Can this robot help solve a guide dog shortage?

Millions of partially sighted and blind persons don't have guide dogs. Autonomous machines may one day close the accessibility gap.
The Glide guiding robot uses a combination of onboard sensors and cameras inspired by autonomous vehicles to detect hazards and lead visually impaired people toward to their destinations. Courtesy Glidance

Glidance CEO Amos Miller is one of an estimated 253 million people worldwide who live with a moderate to severe vision impairment. The overwhelming majority of those people currently navigate through the world without access to highly trained guide dogs or difficult to master walking canes. Miller, who was diagnosed with retinitis pigmentosa when he was five and has since lost most of his sight, believes his company’s autonomous guide robot could offer a solution to that mammoth accessibility gap. At just five pounds, Miller says “Glide” can spot obstacles and safely navigate blind people to their destinations, all at a fraction of the cost it takes to train and maintain highly specialized guide dogs. 

“In order to make a material difference to somebody who’s not very confident getting out and about, you need something that is physically connected to the ground and guide you,” Miller told PopSci. “And that’s what Glide is.”

“…we have these autonomous vehicles, we have self-guided drones, we land these drones on Mars and I’m sitting there at the airport and waiting for somebody to come to guide me to my gate. There’s something off here.”

Miller isn’t alone. Researchers across multiple continents are conducting experiments and testing the viability of robots, some of which happen to look like dogs themselves, as aides for the blind. If successful, these devices could bring an added layer of accessibility to large chunks of partially sighted and blind persons who’ve largely been left behind as autonomous technology has advanced around them. The Glide builds off of years of advances in robotics research and may represent one of the most promising new tools for aiding accessibility. Still, researchers say the technology isn’t poised to replace guide dogs anytime and would more likely attempt to fill in accessibility gaps for people who are unable or interested in owning a dog.  

How does the Glide robot work?

Though researchers have explored the idea of guide robots for at least five years, companies are just now on the verge of bringing products to market. Glidance, which was founded last year, is developing a robot ally called Glide, which it describes as the world’ “first self-guided primary mobility aid.” It resembles a small vacuum cleaner with a handle and two small wheels. The 9 by 9 inch robot uses “passive kinetic guidance” in place of a motor, so users simply push it forward to start it. Glidance says the device can be charged using a standard electrical outlet and can last up to 8 hours of “active use.”

“It’s as easy and familiar as holding onto someone’s hand.”

Glidance says the Glide uses an array of onboard sensors, cameras, and AI to analyze the immediate surroundings and guide users away from hazards. A haptic feedback sensor in the handle sends feedback to the users instructing them when they should slow down. Miller says the device will work with navigation apps which will allow users the ability to simply input a destination and have the device guide them towards it, not unlike an autonomous vehicle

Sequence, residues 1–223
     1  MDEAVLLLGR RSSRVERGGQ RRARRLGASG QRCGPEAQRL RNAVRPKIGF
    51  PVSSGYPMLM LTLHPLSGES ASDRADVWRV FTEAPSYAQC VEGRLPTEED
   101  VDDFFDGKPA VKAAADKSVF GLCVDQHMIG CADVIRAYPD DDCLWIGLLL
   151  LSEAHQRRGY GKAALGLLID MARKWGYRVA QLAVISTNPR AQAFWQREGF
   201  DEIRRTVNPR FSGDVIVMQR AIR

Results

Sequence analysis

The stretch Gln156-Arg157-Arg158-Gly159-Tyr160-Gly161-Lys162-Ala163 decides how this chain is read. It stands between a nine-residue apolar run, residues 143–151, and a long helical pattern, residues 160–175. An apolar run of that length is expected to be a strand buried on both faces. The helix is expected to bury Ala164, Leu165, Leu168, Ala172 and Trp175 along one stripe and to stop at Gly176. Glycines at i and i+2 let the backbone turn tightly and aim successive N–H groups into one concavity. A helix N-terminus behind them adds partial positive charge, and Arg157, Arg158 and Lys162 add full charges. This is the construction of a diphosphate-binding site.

This video shows legendary blind musician Stevie Wonder using Glide to walk through a room during this year’s Consumer Electronics Show in Las Vegas.

Glidance CEO Amos Miller, who lost most of his eyesight in his early twenties, told PopSci he came up with the idea for Glide device partly in response to personal mobility challenges he faced in his own life, especially during travel. Despite rapid advances in robotics and autonomous technology in other sectors like automobiles, the technology appeared to have left blind people behind. 

“There came this moment where you kind of say, okay, we have these autonomous vehicles, we have self-guided drones, we land these drones on Mars and I’m sitting there at the airport and waiting for somebody to come to guide me to my gate,” Miller said. “There’s something off here.” 

In the US, according to the guide dog breeder Guiding Eyes, only 2% of partially sighted and blind persons had guide dogs in 2017. Though these dogs are often provided for free, training and breeding them can cost upwards of $50,000 per dog, and only around half of those puppies pass their training. Working guide dogs are also typically retired and replaced after five or six years. All of those elements combined make the demand for these dogs far greater than the supply. Guide robots, in theory, could fill in part of that gap. 

Though past research has explored using Boston Dynamics’ Spot and other four-legged dog-like robots as guides, Miller believes those approaches won’t realistically work at scale. Aside from prohibitively high upfront cost, those large, bulky machines are also ill suited for mobile partially sighted and blind persons who need to move around the world. Unlike a large quadruped, Miller says users can easily collapse the Glide’s handle and take it with them on a bus or airplane. It’s also less likely to attract unwanted attention than a four legged robot imbued with sci-fi horror stereotypes. 

“People ask me, why doesn’t it have four legs and climb up steps and the reason is because it’s going to cost you $75,000 if it did,” Miller said. “If we are going to have impact at scale, we have to play the game, we have to leverage the incredible technology coming out of the autonomous vehicle industry but build a super simple device [that’s] powerful and affordable.”

Miller described the experience of using the Glide as similar to holding onto another person’s arm for guidance. When the device ships, Miller says users can operate in either a spontaneous or directive mode. The former is intended for users who know roughly where they want to go but who use the Glide to keep them on a straight path and avoid potentially hazardous obstacles. The directive mode, by contrast, will let users enter a specific destination and have Glide guide the user through haptic feedback and audio on how to get there. Miller gave the example of a traveler connecting Glide to an airport app which then instructs the device how to get to a gate. Users can also pre-program their own routes, which lets the Glide remember the directions to a local coffee shop or other frequent destinations. (Glide will utilize voice commands and accessibility options of existing apps.)